|Good With Children:
If there is a small, lively pet that has the capability of keeping a family entertained, the Affenpinscher would be an adept choice. Because of their energy and size, they are popular pets, though challenging to train at times. It is not until that the Affenpinscher is fully grown that they mature and listen to their owners. There is a great level of degree of patience that is required when training this breed. They are not a breed that is recommended for first-time dog owners or for people who do not have the time to dedicate to take care of them.
Affenpinschers are described as adventurous, curious, spunky, playful, and stubborn. In spite of their size, they are extremely protective of family members, and are extremely territorial of their toys and food. Because of this, it is recommended that they do not share a home with very small children.
Because of their protective behaviour combined with their small size, their attitude is to put up a tough front, while being fairly skittish and reclusive if the danger becomes too large for them to handle. If they feel threatened, they are prone to biting.
It is also important for Affenpinschers to have firm and varied training. They are prone to boredom and are difficult to housebreak, so consistency is a must.
However, because of their size, it is fairly easy to exercise them indoors, which is a plus for owners who live further up north during the winter months.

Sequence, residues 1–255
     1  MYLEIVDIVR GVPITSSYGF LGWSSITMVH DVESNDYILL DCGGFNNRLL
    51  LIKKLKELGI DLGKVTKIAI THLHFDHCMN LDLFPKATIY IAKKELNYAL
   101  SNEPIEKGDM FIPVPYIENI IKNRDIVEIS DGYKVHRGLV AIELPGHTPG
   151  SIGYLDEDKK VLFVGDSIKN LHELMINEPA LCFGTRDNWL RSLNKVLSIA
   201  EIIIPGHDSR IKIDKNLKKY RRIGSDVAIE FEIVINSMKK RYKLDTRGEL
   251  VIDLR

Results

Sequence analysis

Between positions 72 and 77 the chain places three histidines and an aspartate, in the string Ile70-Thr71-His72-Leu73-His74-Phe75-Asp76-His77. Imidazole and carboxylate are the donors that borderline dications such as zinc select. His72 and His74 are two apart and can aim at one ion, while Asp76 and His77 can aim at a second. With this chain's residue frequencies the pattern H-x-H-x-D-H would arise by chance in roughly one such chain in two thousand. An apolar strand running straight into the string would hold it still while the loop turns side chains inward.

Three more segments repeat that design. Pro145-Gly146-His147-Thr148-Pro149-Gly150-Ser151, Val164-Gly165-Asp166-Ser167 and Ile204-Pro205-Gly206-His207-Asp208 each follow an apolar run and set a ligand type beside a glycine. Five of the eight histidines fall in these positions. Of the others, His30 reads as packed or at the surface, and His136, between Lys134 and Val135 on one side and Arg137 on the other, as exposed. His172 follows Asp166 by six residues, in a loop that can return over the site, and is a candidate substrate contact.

Affenpinschers are known for their small size, which in height is from 9 to 12 inches tall at the shoulder. Their faces closely resembles that of a small monkey, hinting at the name’s origins. Their snout is very short and pushed in, while having an exceeding underbite. The color of their coats are most typically black, but can also be grey, silver, red, or tan.
The actual texture of their coat is typically very wirey, and the fur tends to be shaggier over the head, forming a mane and mustache.
Three must-have tools to tame the coat of the Affenpinscher is scissors (for basic trimming), a bristle brush, and a slicker brush. It is recommended to comb through their shaggy fur at least twice a week. They are not prone to excessive shedding.
Because Affenpinschers were not bred for show, it is not necessary to trim their hair frequently, and in fact, may damage the hair and change the color in extreme cases.
Affenpinschers are prone to a variety of health problems, including hip dysplasia, since they are pure-bred, and break bones easily because of their size. It is also recommended to be prepared for problems with their eyes, as they may need help with their cataracts later in life.
The origins of the Affenpinscher from Germany, dating back to the seventeenth century. When first bred, it was noted that its face had a smaller, more peculiar look to it, and was dubbed “Affe,” meaning “monkey” in German.
Its two ancestors are the Griffon Bruxellois and the Minature Schnauzer, and was used primarily for ratting and getting rid of other small rodents.